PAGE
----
Director, Online Learning Strategies

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Laurie Harrison

laurie.harrison@utoronto.ca

As Director, Online Learning Strategies, Laurie provides advice and guidance regarding eLearning initiatives and capacity development across all three University of Toronto campuses. She brings a wealth of experience across all facets of online learning including: project planning; design and implementation; faculty development; strategy and policy.  Laurie has had extensive leadership experience in the field, with insights garnered from a range of leadership roles within the university over the past 16 years. The Online Learning Strategies portfolio is part of Information Technology Services and reports to the Chief Information Officer. Her strategic and tactical leadership is strengthened through close working relationships with the Vice-Provost Academic Programs, the Centre for Teaching Support and Innovation, and also the Director of Academic and Collaborative Technology and his team.

Laurie is a graduate of the University of Guelph and OISE’s Master of Education program. She first joined the University’s central learning technology staff in 1997 as a specialist in online learning and inclusive design. After a short period managing Ryerson’s Digital Projects Office, she returned to OISE in 2006 to manage Education Commons’ services and partnership projects with government and other institutions. In this capacity, Laurie led several initiatives on OISE’s behalf including the collaborative development of the Ministry of Education’s Online Education Resource Bank, as part of the Province’s e-learning strategy. In 2008 she was selected to attend the Frye Leadership Institute, a respected program known for developing tomorrow’s leaders in Higher Education Information Technology. Prior to her current appointment, she was seconded to the Office of the Vice-Provost, Academic Programs to support development of online learning strategies in response to new provincial government initiatives. Laurie’s achievements in the University IT community include, among other initiatives, advocacy in the area of accessible and inclusive design and launch of the Online Undergraduate Course Initiative. Most recently she has coordinated a number of externally funded projects related to MOOC research & development; hybrid and active learning online; and the Ontario Online Shared Course Development initiative.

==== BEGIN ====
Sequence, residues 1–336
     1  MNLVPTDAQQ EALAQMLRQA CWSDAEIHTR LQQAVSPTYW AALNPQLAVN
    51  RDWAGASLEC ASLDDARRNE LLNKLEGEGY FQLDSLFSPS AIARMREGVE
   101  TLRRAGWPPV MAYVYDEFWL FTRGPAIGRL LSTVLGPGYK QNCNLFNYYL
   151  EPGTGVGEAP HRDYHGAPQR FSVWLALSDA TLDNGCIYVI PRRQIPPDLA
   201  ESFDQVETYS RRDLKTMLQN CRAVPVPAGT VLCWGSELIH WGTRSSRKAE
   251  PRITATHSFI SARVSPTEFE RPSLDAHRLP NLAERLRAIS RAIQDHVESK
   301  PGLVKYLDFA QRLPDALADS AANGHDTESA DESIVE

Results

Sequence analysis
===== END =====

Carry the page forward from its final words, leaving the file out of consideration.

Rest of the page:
Laurie Harrison is also currently a Ph.D candidate in educational research in higher education policy, with a focus on institutional adaptation to the changing landscape of online learning.